A poor widow also came and put in two small coins worth a few cents.
Calling his disciples to himself, he said to them,
“Amen, I say to you, this poor widow put in more
than all the other contributors to the treasury.”
My Sisters and Brothers in Christ:
Grace and Peace of our Lord Jesus Christ be with you. Jesus talks about the rich and the poor in the Gospel of St. Mark. But the rich and the poor of whom he speaks are not the typical ideals. The rich person is characterized by the poor widow and the poor person is characterized by the rich who give of his/her excess. The widow is fragile, someone who has lost a sure, reliable life partner. The widow is vulnerable. Yet, the widow is also faith-filled and her stewardship of all that God has given her is realized within her two small coins. She has given of her entire being for the glory of the Lord.
This Scripture may be difficult for us upon which to pray. At times, our ‘righteousness’ may not be charitable. Our sacrifices may be negligible, without a thought of God. We may indulge in worldly goods and scrimp on what is left for God. The widow, in her humility, shows us the gift of discipleship. She is not embarrassed to give this small amount because it is of more value than the excess of the scribes. She helps us to understand that we are called to trust the Word of God even though there may be no clear reason to do so. We are asked to hold nothing back from God, even the little we have. We return to the Lord what we have been given to become profound blessing.
During this month of November, we especially are mindful of the examples of the saints who lead us to seek the Kingdom of heaven through sacrificial offerings. The devastating effects of Hurricane Michael shout at us to care for our brothers and sisters within our own diocese, our state, our country, our world. The annual collection for Catholic Charities of Central Florida held in our diocese the weekend of November 10-11 endows our heart to bless the poor in spirit with our contribution. Recently the religious sisters who serve in the Diocese of Orlando celebrated three jubilarians of sixty or more years of consecrated life. These religious have given of the core of their being as they guide us faithfully to the path of God. The diocesan and papal honorees whom we celebrated during Mid-Day Prayer on November 4 shine forth the communion of saints among us. Our daily living is full of remembrance of our departed loved ones who formed us in faith and sacrificed so much for us, teaching us about God’s love. Next week, I will be joining my brother bishops at the United States Conference of Catholic Bishops annual meeting to discern important matters about protecting our most vulnerable people. I promise to offer my all and to discern the Wisdom of God during our deliberations.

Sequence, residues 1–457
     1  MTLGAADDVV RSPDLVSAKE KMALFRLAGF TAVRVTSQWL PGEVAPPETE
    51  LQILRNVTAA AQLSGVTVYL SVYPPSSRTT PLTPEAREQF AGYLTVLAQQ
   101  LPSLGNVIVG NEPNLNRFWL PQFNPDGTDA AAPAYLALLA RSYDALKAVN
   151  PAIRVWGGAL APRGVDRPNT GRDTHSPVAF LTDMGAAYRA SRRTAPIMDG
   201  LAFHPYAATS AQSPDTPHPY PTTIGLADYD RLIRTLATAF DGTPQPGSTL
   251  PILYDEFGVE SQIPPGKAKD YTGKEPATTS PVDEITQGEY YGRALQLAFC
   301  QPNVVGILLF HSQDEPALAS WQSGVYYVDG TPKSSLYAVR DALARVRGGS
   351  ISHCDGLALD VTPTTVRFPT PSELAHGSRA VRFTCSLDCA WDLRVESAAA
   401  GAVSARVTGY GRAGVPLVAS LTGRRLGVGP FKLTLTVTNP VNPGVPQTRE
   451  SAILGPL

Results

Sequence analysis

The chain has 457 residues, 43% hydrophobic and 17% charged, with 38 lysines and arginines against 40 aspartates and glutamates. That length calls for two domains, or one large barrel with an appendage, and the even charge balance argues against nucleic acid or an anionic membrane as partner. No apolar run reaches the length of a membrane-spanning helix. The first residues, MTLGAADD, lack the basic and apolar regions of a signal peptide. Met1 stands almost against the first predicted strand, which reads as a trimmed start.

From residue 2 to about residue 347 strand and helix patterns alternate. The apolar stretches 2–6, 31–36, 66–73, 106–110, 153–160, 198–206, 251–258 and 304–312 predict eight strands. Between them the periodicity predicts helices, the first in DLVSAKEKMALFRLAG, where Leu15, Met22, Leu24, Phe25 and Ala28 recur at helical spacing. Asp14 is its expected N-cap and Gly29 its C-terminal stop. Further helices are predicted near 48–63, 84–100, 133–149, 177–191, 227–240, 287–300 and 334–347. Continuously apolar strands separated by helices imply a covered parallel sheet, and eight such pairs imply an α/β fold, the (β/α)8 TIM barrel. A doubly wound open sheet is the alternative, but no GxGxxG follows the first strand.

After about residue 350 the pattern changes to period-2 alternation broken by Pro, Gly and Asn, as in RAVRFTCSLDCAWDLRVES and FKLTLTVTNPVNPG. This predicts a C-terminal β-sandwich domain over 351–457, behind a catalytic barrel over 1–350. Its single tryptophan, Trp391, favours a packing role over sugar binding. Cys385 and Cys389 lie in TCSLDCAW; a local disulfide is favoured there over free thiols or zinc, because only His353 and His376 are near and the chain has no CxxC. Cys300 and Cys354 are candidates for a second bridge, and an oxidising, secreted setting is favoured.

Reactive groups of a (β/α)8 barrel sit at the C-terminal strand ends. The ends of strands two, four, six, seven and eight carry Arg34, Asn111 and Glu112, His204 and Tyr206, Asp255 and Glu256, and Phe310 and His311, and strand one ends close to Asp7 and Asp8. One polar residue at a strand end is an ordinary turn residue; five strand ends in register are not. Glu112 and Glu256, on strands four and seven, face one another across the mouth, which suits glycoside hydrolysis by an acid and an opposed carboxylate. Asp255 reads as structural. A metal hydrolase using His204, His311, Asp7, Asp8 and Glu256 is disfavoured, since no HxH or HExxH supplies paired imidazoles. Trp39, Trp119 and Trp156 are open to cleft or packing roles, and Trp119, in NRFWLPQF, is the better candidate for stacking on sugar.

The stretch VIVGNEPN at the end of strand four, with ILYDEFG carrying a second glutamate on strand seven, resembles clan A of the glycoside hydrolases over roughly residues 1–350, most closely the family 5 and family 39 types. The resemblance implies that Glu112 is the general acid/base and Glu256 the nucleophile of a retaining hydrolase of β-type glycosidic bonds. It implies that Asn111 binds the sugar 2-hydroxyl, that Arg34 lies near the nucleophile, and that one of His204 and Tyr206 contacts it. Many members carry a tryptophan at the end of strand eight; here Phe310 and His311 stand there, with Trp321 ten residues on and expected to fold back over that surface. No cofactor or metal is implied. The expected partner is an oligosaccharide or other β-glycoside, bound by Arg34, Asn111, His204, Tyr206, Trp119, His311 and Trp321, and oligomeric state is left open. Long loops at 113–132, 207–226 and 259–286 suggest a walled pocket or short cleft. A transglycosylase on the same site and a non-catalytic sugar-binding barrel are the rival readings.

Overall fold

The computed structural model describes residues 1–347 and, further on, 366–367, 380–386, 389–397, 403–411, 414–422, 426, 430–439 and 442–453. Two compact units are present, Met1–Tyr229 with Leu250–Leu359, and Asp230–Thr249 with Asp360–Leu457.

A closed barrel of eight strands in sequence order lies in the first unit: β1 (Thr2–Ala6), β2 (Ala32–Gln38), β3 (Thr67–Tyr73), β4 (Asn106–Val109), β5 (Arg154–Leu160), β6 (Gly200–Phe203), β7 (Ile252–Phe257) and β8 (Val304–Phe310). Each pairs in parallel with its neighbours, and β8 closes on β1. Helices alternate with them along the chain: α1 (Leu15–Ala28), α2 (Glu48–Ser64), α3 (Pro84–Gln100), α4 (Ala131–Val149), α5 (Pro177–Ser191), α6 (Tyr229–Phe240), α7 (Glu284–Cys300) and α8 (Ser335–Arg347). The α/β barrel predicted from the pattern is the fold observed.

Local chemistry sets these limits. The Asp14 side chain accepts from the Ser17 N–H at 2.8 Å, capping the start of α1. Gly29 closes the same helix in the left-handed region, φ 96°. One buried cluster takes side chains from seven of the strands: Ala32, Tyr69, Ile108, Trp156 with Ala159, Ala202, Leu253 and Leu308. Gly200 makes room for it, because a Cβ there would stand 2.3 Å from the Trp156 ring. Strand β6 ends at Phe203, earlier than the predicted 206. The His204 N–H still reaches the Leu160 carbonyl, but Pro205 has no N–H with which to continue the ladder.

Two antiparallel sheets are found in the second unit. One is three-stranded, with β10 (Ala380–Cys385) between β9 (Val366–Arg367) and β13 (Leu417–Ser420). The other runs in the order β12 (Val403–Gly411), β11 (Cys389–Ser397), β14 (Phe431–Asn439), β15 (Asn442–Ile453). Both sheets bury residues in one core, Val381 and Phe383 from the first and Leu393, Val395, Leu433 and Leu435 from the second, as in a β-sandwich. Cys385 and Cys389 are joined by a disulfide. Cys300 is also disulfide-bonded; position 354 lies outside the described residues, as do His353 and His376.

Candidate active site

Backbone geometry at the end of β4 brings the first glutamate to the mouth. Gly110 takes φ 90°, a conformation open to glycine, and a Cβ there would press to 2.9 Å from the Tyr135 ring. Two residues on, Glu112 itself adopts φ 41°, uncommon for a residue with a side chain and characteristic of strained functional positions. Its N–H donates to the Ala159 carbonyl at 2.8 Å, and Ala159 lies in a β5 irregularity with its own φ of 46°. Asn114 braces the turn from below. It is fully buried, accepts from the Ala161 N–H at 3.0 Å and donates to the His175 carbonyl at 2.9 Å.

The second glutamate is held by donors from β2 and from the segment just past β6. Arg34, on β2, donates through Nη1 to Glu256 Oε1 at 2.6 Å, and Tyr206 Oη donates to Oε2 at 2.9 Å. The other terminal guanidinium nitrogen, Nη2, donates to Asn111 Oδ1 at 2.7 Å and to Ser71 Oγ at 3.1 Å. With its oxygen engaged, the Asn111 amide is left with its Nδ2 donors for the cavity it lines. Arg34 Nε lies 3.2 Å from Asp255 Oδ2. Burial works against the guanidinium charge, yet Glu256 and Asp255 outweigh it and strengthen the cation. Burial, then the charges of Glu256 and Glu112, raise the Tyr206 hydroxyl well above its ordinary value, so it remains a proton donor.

Christ offers us Himself and this Gift changes reality; the way to God is known at the Eucharistic table. One reality we encounter through the Sacrament of the Eucharist is Christ’s presence in the Church community, His body. Participating in the celebration of Mass nourishes us spiritually and we leave the sanctuary purified to give of our entire being so that God’s presence is known to each one we meet. The eternal liturgy of God’s love in which we participate all the days of our lives is imbued in gratitude and requires faith and trust.
Are you a scribe or a widow? Whom do you hope to be? May we strive to be instruments of salvation to those who eagerly await Him.